Tuesday, July 26, 2011

Keep Toronto Animal Services PUBLIC - back off Ford! - Letter to my councillor ...

Laura (from Feathers, Fur and the Occasional Fang blog) here and here.
Social Mange here.
Pound Dog (also TAS volunteer)  here , here and here.

July 26, 2011


Councillor Michelle Berardinetti
Toronto City Hall
100 Queen Street West, Suite A8
Toronto, ON M5H 2N2

Dear Ms. Berardinetti:

RE: Toronto Animal Services

As a constituent in your riding, I am writing to ascertain your stand on the Ford-endorsed, KPMG suggestion that animal services in Toronto be privatized.

While already disappointed, with your short-sighted take on the bike lanes in our City, I am hopeful that you realize that to privatize TAS would be morally repugnant and a grievous step towards undermining a moral and compassionate society. Simply by googling Berger Blanc - the 'for profit' animal services in Montreal, you will see how horrific an environment is created when animals are relegated to a commodity. There are a plethora of article on recently revealed atrocities which have been - and continue to be - endemic to this type of organization.

Toronto Animal Services has made tremendous strides towards becoming a truly compassionate, healthy and positive guardian of animal welfare in the City of Toronto, and hopefully will be accorded the opportunity to continue to work towards an even more animal-positive environment. While there are still strides to be made, I have been favourably impressed with the positive changes I have witnessed over the past 15 years. Their trained staff are informed, educated and compassionate while their volunteer base is superlative. The euthanasia rate has steadily declined and most animals are given every opportunity to find a forever home in a welcoming, positive environment while waiting. This excellent care is provided at a very reasonable cost to the City. Further, the recently reformed Toronto Humane Society and TAS have established a positive and dynamic relationship which has resulted in the smooth transition of animals between their facilities in order to maximize adoption opportunities.

Animal services in any city must be a publicly funded and integral part of the infrastructure. A moral society recognizes the philosophical imperative to “do no harm” and an enlightened society strives to embrace an understanding of responsibility to all the denizens of the enclave. Calgary has done a superlative job of creating a publicly-funded service which many cities throughout North America seek to emulate. Strong licensing, cost-effective spay/neuter programs and close to a ‘no kill’ rate of euthanasia are among its successes; Toronto should continue to work towards a similar infrastructure NOT follow Montreal’s outrageous, inhumane and, ultimately, inefficient example.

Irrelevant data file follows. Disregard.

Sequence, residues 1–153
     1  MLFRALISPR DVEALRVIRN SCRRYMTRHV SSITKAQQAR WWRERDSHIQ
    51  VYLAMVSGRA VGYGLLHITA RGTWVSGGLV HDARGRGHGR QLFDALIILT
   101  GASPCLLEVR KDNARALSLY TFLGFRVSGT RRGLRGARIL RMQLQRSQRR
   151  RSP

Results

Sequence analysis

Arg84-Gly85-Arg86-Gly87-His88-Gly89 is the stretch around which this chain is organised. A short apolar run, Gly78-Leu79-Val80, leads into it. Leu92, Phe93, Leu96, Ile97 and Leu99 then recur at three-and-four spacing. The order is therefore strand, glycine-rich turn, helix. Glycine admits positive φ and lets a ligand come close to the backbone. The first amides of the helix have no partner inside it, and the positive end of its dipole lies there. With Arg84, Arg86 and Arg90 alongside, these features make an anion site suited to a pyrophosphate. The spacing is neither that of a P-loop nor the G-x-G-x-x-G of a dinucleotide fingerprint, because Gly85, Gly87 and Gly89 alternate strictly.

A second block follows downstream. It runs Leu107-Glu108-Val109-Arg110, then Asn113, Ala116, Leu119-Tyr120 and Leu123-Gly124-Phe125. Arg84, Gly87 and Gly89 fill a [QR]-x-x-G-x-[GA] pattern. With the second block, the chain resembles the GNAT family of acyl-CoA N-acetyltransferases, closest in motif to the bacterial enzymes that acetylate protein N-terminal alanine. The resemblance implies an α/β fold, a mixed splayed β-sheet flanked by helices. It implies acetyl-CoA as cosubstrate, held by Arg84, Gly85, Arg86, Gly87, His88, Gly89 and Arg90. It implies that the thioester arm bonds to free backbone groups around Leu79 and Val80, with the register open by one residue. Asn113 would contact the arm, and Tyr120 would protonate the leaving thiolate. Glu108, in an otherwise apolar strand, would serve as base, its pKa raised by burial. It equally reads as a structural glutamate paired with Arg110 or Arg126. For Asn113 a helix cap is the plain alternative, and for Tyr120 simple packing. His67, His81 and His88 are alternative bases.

Please advise of where you stand on this issue and some indication of where you intend to vote. Are you in favour of privatizing TAS or invested in keeping it a public service?

I look forward to hearing from you.

Yours truly,

Sheenagh Murphy

(faxed as of 8 a.m. July 26 - not optimistic as my councillor has been remiss in responding to other issues I've brought up)

Tuesday, July 19, 2011

DESPERATE need for donations and foster homes for LOTS of Bunnies

Rabbit Rescue took on a gargantuan task of taking in, caring for and providing much needed medical attention to more than 100 rabbits from a hoarding situation on Manitoulin Island in Northern Ontario. While the call originally went out to the Sudbury OSPCA, it was in fact Rabbit Rescue who has taken on all the responsibility for dealing with these bunnies, all of which need medical help.

Please DONATE anything you can - medical expenses are expected to top more than $30,000 and the OSPCA has left this wonderful rabbit rescue organization holding the bag.

As per the website:
Of the 103 rabbits we took in last weeks, most are requiring immediate medical attention. All need to be spayed/neutered. Many rabbits have URIs, and urine scald, but many others have much more serious problems requiring extensive medical care. These include: an enucleation (eye removal), GI stasis, dental disease, incisor extraction, molar filings, dental abscesses, mastectomy for abscessed mammary gland. Please help us help the bunnies by making a tax deductible donation today!
The organization is also desperately seeking fosters; cages and other needs will be supplied. Please contact if you can help foster a bunny (or call 905-875-4343). 

Housing is also needed - large dog cages, cubes and other housing would be gratefully received.

The Guelph Mercury article is here and the Toronto Star coverage here.

Rabbits are wonderfully amusing, curious little animals who make loving companions for many years.  Rabbit Rescue faces a HUGE and daunting task to care for these innocent little bunnies - if you can help, every dollar COUNTS!!

Tuesday, July 12, 2011

Urban Desert - Conclusion

(Parts 1, 2 and 3 are here, here and here)

Embrace the Opportunity to Interact

We have a priceless opportunity in this city to teach our children and educate ourselves about a wider world than one constrained by cement and concrete. So many of us today are alienated and removed from the environment. Many children have no concept of where the food on their table really originates. They are oblivious to the realities that milk comes from a cow, that vegetables are grown in a field, that the meat that they see in pristine, shrink-wrapped trays were once living, breathing creatures.